Unfortunately we had no passes on this occasion. Experienced dogs and owners were making the same errors we had seen in previous tests by them. I have said it many times before and no doubt will have to say it many more times that commands MUST be consolidated before moving on. Again more than one experienced owner was using several commands to get the dog to do one particular action. Many use ‘forward’ as a command to send the dog away from them, even when the dog has turned and is then approaching them. They call out ‘forward’ and point ‘at’ the dog or in their minds they are pointing in the direction they want the dog to go - which is in fact ‘away’ from them. Land work training a sendaway would/could be helpful for some of these dogs. Rather than forward, round, get on, etc., the word ‘away’ means to the trained dog to ‘go away from me’ with the designated target being a swimmer, object or boat; if the dog is taught a sendaway it will always go away from the handler. Using a clearly visible marker to the dog is better than using a person. The reward is given at the marker. There are many books on how to train this exercise and would be money well spent.
5 of the dog and handler teams were experienced and it showed in each of them doing some good work. In some cases 2 perfect elements but messing up the remainder. One entrant worth a mention was a new team. Their first two exercises were virtually perfect and there was a hope of a first time pass for them. However, after a very good exit from the boat the dog was unwilling on this occasion to take the rope to the other boat, so with 2 elements passed and 2 failed, it was a shame not to have success for this pair today. It will not be long before success is theirs, I am sure.
Finally as general remark, remember to stay focussed and calm and not to lose your temper or raise your voice ineffectually when the dog appears to be ignoring you. Remaining calm will help the dog. If the dog is not doing what you want then look at your training. Is it consistent? Is the reward being given in the right place? At the right time? Is a reward being given at all? What is the motivation for the dog? You wouldn’t work for free so why expect your dog to. A dog does not work to please you, whatever anyone says. It repeats a behaviour because it is beneficial, ie., it gets something out of doing the specific action/behaviour.
If you are having a problem, think dog. Look at it from your dog’s point of view and see what you can do differently to get a repeat of the desired behaviour. And Reward!
Well-done everyone anyway as you all seemed to enjoy your day.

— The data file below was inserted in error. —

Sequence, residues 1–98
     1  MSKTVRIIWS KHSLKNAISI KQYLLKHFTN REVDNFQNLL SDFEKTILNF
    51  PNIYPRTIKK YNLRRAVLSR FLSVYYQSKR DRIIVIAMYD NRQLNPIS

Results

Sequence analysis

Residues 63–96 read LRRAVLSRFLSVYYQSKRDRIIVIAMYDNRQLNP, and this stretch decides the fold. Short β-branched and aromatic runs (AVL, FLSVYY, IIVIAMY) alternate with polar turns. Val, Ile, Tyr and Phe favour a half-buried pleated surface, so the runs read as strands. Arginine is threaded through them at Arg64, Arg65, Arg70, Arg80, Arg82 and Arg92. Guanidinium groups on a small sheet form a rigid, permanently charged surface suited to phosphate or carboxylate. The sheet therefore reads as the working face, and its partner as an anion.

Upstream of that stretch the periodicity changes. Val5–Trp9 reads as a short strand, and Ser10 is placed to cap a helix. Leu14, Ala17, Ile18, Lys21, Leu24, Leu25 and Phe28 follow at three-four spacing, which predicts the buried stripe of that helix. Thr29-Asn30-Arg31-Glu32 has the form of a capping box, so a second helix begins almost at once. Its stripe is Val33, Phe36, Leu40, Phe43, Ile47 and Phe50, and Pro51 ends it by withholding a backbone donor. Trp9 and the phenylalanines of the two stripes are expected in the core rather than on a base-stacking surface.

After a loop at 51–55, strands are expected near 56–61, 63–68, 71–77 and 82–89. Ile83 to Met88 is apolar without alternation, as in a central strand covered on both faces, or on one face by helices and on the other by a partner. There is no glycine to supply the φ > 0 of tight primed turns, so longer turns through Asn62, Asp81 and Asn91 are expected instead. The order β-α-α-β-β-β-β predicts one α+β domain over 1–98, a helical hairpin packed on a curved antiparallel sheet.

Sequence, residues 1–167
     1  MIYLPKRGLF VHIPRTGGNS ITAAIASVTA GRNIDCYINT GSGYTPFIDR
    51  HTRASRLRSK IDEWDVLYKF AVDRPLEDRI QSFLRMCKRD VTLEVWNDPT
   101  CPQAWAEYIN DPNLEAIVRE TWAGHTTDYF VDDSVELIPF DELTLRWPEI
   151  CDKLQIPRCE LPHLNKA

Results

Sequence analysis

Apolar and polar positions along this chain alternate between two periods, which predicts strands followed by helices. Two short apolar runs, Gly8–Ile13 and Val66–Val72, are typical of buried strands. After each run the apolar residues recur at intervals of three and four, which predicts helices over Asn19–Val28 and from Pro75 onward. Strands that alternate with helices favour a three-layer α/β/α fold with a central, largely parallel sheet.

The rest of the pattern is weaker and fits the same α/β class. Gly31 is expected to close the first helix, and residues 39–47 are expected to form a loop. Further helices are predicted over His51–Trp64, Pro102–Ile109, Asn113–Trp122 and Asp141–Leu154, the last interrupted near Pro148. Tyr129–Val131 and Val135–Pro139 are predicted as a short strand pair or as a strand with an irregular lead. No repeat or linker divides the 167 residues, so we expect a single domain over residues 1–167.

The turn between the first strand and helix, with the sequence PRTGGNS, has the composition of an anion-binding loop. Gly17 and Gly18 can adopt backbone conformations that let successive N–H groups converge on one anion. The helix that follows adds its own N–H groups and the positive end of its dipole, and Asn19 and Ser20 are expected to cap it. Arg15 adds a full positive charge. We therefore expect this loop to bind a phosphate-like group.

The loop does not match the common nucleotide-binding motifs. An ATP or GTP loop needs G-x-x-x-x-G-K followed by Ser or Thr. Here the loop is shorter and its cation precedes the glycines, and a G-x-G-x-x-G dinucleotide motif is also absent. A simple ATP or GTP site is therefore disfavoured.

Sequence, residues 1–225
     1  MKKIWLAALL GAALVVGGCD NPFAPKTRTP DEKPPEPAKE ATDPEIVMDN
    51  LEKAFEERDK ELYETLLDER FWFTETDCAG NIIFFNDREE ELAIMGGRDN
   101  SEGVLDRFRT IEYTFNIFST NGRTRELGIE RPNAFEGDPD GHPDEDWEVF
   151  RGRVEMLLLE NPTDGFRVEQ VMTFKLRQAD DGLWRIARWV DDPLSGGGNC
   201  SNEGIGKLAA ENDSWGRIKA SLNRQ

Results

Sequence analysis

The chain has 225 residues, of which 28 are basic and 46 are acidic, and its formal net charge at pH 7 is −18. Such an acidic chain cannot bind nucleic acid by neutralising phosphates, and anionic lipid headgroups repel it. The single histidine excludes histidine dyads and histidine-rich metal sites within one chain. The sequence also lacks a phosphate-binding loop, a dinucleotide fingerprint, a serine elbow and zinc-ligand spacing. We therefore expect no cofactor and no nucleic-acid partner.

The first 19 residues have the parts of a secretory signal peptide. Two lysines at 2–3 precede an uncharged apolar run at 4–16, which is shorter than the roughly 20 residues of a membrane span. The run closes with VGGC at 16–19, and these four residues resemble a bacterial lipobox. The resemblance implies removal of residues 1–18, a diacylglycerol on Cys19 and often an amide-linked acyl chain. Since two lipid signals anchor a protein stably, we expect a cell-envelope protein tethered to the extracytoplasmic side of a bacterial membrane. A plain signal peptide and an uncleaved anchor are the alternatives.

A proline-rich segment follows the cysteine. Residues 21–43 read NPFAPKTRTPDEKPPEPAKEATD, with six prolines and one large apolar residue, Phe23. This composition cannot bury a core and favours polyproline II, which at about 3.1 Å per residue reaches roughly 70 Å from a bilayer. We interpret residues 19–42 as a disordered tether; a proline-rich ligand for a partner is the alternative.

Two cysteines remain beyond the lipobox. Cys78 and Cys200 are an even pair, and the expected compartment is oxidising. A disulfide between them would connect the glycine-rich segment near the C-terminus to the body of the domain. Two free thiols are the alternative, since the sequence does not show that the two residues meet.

Chris Tedder © 2010

Sunday 30 May 2010


NORTHERN NEWFOUNDLAND CLUB
JUDGES REPORT
Venue: Rother Valley Country Park
Date: 30 May 2010
Section: D
Judges: Paul Tedder & Ken Rhodes
Entries:
Passes: 0
Withdrawn:
Ken and I were pleased to see that there were so many dogs working at D level and with such enthusiasm, returning to try again and again and I had high hopes that we would have at least one pass during the day. However, it was not to be. While there were no passes on this occasion, there were some exercises that were performed extremely well and the owners should be proud of those achievements. So rethinking and retraining will be needed in some instances but all the entrants should be able to pass a level D in the near future.

We were pleased to be asked to judge by the NNC and would like to be invited in future. Section D relies on good stewarding perhaps more than any other level and we were not disappointed. The exercises were set up and executed with the best possible chance of success and it was only the action or inaction of the entrants that did not produce a passing performance. Thank you all.

Paul Tedder © 2010


NORTHERN NEWFOUNDLAND CLUB
JUDGES REPORT
Venue: Rother Valley Country Park
Date: 30 May 2010
Section: 1 Draught
Judges: Chris Tedder & Lynn Whiting
Entries: 5
Passes: 3
Withdrawn: 1
Test Conditions: Cool and windy. Ideal for the dogs. But it did make it difficult for the call steward to be heard. Well organised and enjoyable test.
The dog that did not make it onto the manoeuvre section decided it was play time And just wanted to play tug. Three dogs went on to do the haul. Three totally different dogs in the way they worked. Two of the teams were fairly new to draught but worked well. The maoeuvre was good all the dogs listened and understood the commands.

Working at a quicker pace gives the dogs less time to look around and sniff and also keeps their attention on you. This was more obvious when the entrants walked faster and the dogs trotted along tails wagging.

The third handler was not new to draught and the experience showed though the dog had done very little in a cart it was team work all through.

I hope the advice that Chris and I gave was helpful and that the entrants enjoyed it once over their nerves.
Well done to all three I am sure we will be seeing them doing draught in the future. Thank you to Chris for sharing her experience with me on my first level 1 and to the test manager for a well run test.

Lynn Whiting


NORTHERN NEWFOUNDLAND CLUB
JUDGES REPORT
Venue: Rother Valley Country Park
Date: 30 May 2010
Section: Level 1
Judges: Chris Tedder & Lynn Whiting